How Washington, D.C.’s Neighborhoods Got Their Names

Dupont Circle Fountain | © Josh / Flickr
Dupont Circle Fountain | © Josh / Flickr

Washington, D.C. has many different neighborhoods, and while people may know the names of these areas, few know the origins of the names! Here’s is some history about the naming behind some of D.C.’s popular neighborhoods.

Adams Morgan

The colorful and thriving area known as Adams Morgan got its name from two formerly segregated elementary schools in the area. The John Quincy Adams Elementary School was for white children, and the Thomas P Morgan Elementary School was for African Americans. When D.C. schools were integrated in 1955, the two educational institutions were combined, and the name Adams Morgan became unofficially official, after the Adams-Morgan Community Council redrew neighborhood lines. Now, it’s a popular area for restaurants and bars.

Adams Morgan | © ted Eytan/Flickr

Foggy Bottom

This iconic neighborhood, which is home to the Kennedy Center, Watergate Hotel, and George Washington University, has one of the weirdest names in the district. There are two theories as to why this name came to be. Set close to the Potomac River, one theory is that the area got its name from the fog that used to rise from the Potomac and mix with smog from the factories in what was then the industrial zone. The second hypothesis, although less likely, is that it was named after one of the first beers distributed in D.C.— Foggy Bottom, by the Olde Heurich Brewing Company, in 1873. Either way, the name still elicits reactions and jokes from locals and tourists alike.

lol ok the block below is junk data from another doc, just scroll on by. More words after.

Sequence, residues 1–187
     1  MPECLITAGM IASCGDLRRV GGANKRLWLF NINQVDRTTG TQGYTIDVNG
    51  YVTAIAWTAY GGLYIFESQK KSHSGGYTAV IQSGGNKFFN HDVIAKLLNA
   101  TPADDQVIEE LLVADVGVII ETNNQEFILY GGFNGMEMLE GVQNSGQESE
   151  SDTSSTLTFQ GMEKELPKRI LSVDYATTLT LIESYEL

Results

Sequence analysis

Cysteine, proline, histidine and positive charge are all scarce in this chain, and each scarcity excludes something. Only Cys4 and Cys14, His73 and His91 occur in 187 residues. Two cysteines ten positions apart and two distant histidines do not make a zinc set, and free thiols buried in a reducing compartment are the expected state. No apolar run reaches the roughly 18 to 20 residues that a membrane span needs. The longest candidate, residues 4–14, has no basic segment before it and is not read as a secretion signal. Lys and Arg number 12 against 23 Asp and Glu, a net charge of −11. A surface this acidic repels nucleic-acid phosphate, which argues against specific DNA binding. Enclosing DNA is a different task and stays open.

Foggy Bottom Metro | © Kristen Jeuring/Flickr


A common misconception is that Georgetown was named after George Washington, but that is not true. What is not clear, however, is whether it was named after King George II, who was in power at the time of the city’s founding, or after its founders George Gordon and George Beall. The two founding Georges sold property to the province of Maryland, and the area remained its own city until 1871 when it became part of the District of Columbia.

Georgetown | © S Pakhrin/Fickr

Dupont Circle

This name is pretty straightforward. Originally, the neighborhood named after the iconic traffic circle created by Army Engineers in 1871 was called “Pacific Circle.” In 1882, it became known as Dupont Circle, an homage to Samuel Francis du Pont, a rear admiral in the Navy who served in the Mexican-American War and Civil War.

Dupont Circle | © m01229/Flickr


The story goes that locals started calling the area “Tennallytown” after a local bar owned by John Tennally, Tennally’s Tavern. Over the years, though, the spelling of the name gradually changed until it officially became Tenleytown. Historical records indicate that even the Tennally family could not agree on the spelling of their name—variations include Tennely and Tennoly.

Bus stop in Tenleytown | © Isaac Wedin/Flickr

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